“Like all Ilheans, Nacib dreamed of cacao groves, of trees bearing golden fruit, golden also in value.”
Jorge Amado, Gabriela, Clove and Cinnamon, 1958
This wasn’t my first trip to Brazil. After all, I had been there in 2005, visiting the dairy and caramel giant, Embaré. And again, in 2010 for the Sweet Brazil show as well as stops at Garoto and Riclan — two leading Brazilian confectionery companies. Both of those journeys introduced me to the country’s dynamic confectionery industry and its potential for future growth.
This trip, however, I uncovered its soul, which lies in the jungles of the Amazon — cacao. Although most of us associate cacao and chocolate with Central America and the Mayans, its origins are definitely Amazonian.
When it comes to Brazilian cacao, those of us who have some knowledge of the cocoa and chocolate industry immediately think of witches’ broom disease, which devastated the Brazilian cocoa crop in 1989, almost wiping out an industry that once was the largest producer of cocoa.
And while I had heard of efforts by the Brazilian government as well as multinationals to reinvigorate this once proud and powerful agricultural segment, I really didn’t have a good grasp of what cacao has meant to Brazilians. Nor did I quite grasp the history and culture that went back to the mid 1700s.
That all changed on this press tour, which was sponsored by ABICAB, the Brazilian Cocoa, Chocolate, Peanut and Candies Manufacturers Association, and by ApexBrazil, the Brazilian Trade and Investment Promotion Agency.
It started with Diego Badaró, founder of Amma Chocolate, a “tree-to-bar” company. The 39-year-old explained how he fell in love with his family’s declining cocoa plantations, which he gradually returned to production to source his chocolate making venture. Drinking cocoa juice and sampling his fine-flavored chocolates simply intensified the story.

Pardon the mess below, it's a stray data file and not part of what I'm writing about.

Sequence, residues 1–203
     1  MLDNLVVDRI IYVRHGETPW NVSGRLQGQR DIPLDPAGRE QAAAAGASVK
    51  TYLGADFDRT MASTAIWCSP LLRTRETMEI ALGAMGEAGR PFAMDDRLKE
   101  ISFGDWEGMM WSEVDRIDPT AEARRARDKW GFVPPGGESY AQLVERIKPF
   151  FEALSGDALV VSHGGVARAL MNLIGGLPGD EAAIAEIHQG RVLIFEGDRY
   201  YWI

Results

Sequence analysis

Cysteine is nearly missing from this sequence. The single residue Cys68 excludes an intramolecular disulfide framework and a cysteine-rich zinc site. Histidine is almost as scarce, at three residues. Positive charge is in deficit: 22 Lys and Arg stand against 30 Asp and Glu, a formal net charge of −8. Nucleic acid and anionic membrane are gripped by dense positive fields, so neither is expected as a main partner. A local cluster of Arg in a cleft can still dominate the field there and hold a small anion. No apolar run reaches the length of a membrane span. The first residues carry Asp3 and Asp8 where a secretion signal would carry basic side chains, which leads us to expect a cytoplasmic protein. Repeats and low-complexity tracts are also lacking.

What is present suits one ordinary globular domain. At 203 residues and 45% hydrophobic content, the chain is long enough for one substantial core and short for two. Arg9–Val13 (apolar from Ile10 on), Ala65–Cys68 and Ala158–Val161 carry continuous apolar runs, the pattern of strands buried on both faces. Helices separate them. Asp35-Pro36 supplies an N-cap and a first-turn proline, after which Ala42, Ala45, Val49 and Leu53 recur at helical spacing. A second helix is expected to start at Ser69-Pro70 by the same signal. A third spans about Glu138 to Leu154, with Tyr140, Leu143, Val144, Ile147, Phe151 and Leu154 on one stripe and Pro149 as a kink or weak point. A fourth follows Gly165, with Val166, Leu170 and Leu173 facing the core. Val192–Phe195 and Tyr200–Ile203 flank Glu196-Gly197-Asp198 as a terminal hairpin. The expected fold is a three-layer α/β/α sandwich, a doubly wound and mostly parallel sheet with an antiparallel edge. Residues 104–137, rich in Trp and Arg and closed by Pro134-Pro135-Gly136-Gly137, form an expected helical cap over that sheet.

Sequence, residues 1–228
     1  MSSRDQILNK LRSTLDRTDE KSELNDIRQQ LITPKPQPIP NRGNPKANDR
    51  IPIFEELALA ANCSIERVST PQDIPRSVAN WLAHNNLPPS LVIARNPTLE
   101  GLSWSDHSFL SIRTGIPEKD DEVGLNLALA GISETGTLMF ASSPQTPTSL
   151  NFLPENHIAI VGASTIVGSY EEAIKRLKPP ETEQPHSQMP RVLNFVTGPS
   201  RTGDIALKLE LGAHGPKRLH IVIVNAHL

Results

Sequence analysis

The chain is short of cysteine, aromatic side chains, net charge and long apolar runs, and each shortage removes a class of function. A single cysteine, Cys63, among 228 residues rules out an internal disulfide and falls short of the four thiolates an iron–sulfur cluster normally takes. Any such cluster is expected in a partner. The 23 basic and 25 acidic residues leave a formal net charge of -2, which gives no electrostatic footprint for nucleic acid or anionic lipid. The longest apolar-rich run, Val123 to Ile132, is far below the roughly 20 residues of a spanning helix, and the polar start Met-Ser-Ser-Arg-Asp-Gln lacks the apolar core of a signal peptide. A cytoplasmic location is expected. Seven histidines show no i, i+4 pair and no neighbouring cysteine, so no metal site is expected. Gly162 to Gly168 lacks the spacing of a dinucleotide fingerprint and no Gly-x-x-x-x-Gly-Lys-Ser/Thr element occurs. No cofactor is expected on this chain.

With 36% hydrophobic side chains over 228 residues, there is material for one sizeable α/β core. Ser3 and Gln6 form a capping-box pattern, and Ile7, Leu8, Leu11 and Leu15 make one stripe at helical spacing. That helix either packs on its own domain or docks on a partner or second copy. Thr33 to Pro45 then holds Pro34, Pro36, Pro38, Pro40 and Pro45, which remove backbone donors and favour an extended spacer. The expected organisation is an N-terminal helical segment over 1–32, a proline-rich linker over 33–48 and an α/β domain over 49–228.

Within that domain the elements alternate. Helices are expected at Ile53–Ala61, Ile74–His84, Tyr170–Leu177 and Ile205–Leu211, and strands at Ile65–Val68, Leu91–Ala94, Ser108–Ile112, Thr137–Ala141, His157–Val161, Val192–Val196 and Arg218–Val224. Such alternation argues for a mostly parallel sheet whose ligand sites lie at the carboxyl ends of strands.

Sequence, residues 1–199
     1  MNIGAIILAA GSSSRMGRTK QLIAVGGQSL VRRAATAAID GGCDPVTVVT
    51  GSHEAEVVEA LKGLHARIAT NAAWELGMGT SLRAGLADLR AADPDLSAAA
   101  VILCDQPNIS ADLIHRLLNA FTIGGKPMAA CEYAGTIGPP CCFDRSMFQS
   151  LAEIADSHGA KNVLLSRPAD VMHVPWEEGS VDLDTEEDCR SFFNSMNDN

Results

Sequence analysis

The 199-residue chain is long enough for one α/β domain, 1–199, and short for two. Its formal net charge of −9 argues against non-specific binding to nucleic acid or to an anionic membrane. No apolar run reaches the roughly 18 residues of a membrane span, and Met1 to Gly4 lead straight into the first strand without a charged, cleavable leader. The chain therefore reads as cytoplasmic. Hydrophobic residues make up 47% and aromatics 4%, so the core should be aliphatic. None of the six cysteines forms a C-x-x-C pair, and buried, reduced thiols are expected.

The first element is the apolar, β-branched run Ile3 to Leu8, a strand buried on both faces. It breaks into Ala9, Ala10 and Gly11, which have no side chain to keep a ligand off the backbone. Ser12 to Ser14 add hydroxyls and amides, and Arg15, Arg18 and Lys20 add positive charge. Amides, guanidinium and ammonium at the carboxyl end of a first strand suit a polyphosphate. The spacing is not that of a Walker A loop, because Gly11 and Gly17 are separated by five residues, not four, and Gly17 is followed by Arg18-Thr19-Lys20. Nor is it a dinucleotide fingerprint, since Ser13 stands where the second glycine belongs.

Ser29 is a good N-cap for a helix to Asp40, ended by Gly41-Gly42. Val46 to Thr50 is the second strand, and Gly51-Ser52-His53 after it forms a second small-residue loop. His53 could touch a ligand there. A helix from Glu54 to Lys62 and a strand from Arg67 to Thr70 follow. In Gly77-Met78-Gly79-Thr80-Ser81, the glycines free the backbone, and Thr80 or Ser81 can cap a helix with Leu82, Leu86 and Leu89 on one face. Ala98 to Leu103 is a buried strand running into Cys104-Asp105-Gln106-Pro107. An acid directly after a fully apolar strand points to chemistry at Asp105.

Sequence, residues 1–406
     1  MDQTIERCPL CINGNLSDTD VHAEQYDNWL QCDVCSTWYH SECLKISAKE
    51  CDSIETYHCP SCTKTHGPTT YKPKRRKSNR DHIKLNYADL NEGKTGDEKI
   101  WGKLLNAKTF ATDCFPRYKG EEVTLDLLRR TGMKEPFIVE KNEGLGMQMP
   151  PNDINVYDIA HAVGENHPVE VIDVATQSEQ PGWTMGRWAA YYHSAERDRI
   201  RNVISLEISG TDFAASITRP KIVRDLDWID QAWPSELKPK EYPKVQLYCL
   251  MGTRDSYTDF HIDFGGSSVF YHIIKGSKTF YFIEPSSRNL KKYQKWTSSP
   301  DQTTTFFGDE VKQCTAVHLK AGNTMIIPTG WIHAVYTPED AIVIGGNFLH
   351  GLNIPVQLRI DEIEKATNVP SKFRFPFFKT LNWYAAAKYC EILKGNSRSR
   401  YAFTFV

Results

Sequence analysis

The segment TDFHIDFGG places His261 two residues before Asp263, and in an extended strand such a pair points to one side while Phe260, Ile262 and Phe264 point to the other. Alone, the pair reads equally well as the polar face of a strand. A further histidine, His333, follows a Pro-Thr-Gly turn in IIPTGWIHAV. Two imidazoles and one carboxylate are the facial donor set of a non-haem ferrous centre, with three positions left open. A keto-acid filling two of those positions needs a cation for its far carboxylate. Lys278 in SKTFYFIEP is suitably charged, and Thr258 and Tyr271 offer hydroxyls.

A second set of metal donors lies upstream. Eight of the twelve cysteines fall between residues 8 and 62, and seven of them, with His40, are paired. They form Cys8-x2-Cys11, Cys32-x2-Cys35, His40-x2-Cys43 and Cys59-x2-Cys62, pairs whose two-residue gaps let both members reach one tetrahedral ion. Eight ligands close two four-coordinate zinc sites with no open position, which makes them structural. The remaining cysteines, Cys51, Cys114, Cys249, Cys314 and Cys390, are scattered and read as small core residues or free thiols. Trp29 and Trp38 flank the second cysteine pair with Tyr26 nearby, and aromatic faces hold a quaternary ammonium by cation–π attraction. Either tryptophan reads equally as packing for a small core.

It continued with our stopover in Ilheus at Bataclan, the one-time bordello-turned-restaurant where several local cocoa producers, chocolate makers and chocolatiers showcased their wares. The following day’s visit to Provisão Farm took us to the fields where cacao is grown.
There, I tasted the white fruit straight from the cocoa pod, enjoying raw milky seeds. And it was there that I saw the vestiges of colonial plantations and the “Big House” overseeing the farm.
The journey came to its logical conclusion in São Paulo, Brazil’s economic center, where we visited with several confectionery manufacturers, including Harald, which just launched its Brazilian line of chocolate bars, most of which are sourced from the Amazon. It was in São Paulo where Badaro invited us to his retail shop and urban test kitchen where he develops such wonderful concoctions such as nib tea and suspiros (Brazilian meringue cookies) made with jambu, a flowering herb known as the toothache plant because of its numbing characteristics.
A final stopover in Rio de Janiero revealed once again the passion that’s behind Brazilian confections. There at the Porcao Flamingo churascia overlooking bay, I enjoyed lunch with Aline Campos, international business manager for Enova Foods. Campos, who represents one of the largest nut snack bar companies, personalized the vigor and vitality of Brazil’s confectionery industry.
And it was in Rio that Samantha Aquim, the chocolate maker behind Aquim, drove home how deep-rooted and passionate the resurgence of fine-flavored cocoa has become. So come with me on this soulful journey to Brazil. I’m hoping you find it akin to the premium chocolates I sampled: aromatic, fruitful and intensely satisfying.
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